The Rock of Gibraltar is a monolithic limestone promontory located strategically in the British overseas territory of Gibraltar, off the southwestern tip of Europe on the Iberian Peninsula. This is 1,398 feet high and covers most of the rock’s upper area. Which is beautifully covered by a nature reserve that is home to around 250 Barbary macaques. These macaques, as well as a labyrinthine network of tunnels, entice a large number of tourists every year.
The Rock of Gibraltar is the only landmark in the region. The foot is the densely populated city area, home to nearly 30,000 Gibraltarians and other nationalities, i.e., British, Moroccans, Indians, and Spanish. Gibraltar is famous worldwide for its dramatic rock because it is connected to Spain by a small isthmus and overlooks the Straits of Gibraltar. It is more interesting than Gibraltar, which is imposing but small and measures less than 6 square kilometers in total. A colony of the famous apes, the only ones in Europe to run free in a semi-wild state.
Gibraltar is a British self-governing overseas territory (colony). That is responsible for Gibraltar’s foreign affairs, defense, and the political stability of the colony. Though the Rock has its own Chief Minister, Fabian Picardo, plus a House of Parliament and a government, which oversees the day-to-day affairs of the Rock,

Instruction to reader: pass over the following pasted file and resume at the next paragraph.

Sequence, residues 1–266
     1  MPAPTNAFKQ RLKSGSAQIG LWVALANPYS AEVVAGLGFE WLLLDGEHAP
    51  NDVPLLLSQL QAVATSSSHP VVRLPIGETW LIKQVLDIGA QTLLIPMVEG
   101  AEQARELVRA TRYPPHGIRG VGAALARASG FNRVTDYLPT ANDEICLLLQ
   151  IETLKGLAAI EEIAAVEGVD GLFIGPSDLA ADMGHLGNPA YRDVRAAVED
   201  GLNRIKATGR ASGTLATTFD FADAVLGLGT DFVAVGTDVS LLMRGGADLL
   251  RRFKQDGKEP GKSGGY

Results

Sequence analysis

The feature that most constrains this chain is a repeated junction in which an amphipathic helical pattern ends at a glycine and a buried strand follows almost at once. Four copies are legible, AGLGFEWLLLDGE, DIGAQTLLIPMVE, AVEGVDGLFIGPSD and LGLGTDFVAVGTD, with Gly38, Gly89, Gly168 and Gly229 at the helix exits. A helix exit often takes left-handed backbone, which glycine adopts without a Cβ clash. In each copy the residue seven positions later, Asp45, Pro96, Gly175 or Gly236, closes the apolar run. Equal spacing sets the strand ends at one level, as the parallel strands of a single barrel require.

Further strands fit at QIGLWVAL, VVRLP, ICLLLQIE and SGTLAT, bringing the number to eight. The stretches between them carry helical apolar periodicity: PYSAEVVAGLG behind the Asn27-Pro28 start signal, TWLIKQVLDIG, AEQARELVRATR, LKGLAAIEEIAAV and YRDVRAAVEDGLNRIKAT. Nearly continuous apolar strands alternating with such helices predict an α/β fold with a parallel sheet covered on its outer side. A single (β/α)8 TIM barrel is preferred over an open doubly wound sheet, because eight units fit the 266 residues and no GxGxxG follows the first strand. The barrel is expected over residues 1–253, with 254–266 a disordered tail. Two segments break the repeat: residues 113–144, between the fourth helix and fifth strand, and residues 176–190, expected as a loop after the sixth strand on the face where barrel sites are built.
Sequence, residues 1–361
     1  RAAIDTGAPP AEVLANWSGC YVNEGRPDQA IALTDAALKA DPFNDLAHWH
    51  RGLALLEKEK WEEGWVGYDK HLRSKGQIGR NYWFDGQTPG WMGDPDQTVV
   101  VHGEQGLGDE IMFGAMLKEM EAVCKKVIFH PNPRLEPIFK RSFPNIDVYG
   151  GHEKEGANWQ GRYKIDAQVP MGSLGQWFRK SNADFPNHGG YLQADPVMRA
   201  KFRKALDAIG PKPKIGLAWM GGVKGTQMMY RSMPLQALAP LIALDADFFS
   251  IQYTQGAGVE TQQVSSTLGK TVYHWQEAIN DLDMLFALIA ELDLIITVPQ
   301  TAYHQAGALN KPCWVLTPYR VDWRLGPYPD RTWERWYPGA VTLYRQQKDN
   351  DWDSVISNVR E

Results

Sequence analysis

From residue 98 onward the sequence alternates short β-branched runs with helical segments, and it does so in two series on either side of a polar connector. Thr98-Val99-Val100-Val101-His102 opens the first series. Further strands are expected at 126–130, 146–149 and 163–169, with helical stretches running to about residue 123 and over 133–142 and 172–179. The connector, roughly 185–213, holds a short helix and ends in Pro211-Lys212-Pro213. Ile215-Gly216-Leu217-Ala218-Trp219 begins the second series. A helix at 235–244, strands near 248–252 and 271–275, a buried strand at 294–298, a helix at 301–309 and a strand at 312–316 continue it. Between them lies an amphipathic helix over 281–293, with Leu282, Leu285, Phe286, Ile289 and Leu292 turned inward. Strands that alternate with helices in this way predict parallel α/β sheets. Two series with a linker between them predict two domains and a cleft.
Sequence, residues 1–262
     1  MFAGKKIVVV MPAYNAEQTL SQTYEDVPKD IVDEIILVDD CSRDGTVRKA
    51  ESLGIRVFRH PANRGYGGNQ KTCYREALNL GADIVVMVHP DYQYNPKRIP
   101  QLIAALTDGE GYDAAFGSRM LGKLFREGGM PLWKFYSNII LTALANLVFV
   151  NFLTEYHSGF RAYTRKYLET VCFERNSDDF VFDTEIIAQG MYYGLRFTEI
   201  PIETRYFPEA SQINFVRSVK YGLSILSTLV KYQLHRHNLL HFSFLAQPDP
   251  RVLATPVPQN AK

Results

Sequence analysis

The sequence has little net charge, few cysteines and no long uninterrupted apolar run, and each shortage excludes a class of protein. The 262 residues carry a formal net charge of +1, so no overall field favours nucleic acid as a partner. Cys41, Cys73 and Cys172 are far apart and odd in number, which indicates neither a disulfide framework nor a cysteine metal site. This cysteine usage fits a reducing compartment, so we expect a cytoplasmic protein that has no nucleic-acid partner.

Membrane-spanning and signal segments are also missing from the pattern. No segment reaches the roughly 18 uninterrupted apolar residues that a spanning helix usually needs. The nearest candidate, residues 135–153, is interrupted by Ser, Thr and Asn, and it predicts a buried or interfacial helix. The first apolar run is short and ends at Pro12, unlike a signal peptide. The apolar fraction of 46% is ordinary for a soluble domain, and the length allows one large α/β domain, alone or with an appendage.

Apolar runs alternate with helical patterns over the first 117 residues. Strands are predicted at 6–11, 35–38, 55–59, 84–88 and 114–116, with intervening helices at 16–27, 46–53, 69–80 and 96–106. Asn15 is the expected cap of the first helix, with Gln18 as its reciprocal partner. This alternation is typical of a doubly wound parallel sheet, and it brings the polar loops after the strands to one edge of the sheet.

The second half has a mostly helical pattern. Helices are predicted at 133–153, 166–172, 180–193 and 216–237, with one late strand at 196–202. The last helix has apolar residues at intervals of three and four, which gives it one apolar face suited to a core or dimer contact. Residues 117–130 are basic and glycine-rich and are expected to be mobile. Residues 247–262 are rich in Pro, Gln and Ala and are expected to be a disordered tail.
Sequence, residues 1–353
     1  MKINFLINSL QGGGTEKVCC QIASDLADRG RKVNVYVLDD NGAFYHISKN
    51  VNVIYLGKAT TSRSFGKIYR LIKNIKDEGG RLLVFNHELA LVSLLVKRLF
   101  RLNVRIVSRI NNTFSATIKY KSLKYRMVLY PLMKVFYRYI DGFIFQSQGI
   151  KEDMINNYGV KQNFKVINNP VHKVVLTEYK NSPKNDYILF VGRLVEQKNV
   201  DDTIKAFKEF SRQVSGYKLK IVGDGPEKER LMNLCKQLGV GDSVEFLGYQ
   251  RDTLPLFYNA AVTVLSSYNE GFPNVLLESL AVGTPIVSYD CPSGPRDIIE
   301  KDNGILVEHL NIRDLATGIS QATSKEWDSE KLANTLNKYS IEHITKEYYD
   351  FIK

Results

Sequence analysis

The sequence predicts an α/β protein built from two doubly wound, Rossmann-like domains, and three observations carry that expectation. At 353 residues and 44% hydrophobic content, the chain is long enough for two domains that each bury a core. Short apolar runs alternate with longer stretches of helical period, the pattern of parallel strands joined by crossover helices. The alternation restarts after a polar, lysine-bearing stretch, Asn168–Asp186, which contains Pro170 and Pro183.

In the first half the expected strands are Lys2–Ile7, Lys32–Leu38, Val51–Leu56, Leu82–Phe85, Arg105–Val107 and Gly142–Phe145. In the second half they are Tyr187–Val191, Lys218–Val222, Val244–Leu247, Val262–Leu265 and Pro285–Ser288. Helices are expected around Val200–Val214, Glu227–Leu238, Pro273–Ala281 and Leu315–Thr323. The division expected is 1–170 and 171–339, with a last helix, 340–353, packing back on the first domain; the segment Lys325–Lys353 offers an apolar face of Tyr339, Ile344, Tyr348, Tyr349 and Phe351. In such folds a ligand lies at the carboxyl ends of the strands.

The adjacent cliffs, along the eastern side of the rock, drop down to a series of wind-blown sand slopes. That dates to the glaciations, when sea levels were lower than they are today. The mineral that makes up limestone dissolves gradually in rainwater, but with the passage of time, this process can form caves, and consequently, the rock contains over one hundred caves, created during the history of Gibraltar.
St. Michael’s Cave is located halfway up the western slope and is the most protuberant and widespread cave. Britain has 300 years of sovereignty over the Rock and almost all of its populations want to remain of British nationality. It has a rock’n’roll history that collides with monkeys.
In ancient times, Gibraltar was one of the Pillars of Hercules, and it was recognized by the Greeks as Mons Calpe, the other pillar being Mons Abyla on the Moroccan side of the Strait. An exclusive feature of the Rock is the system of underground passages known as the Galleries or the Great Siege Tunnels.
Also Read: Tasman Glacier Terminal Lake is a Fascinating Glacial Encounter
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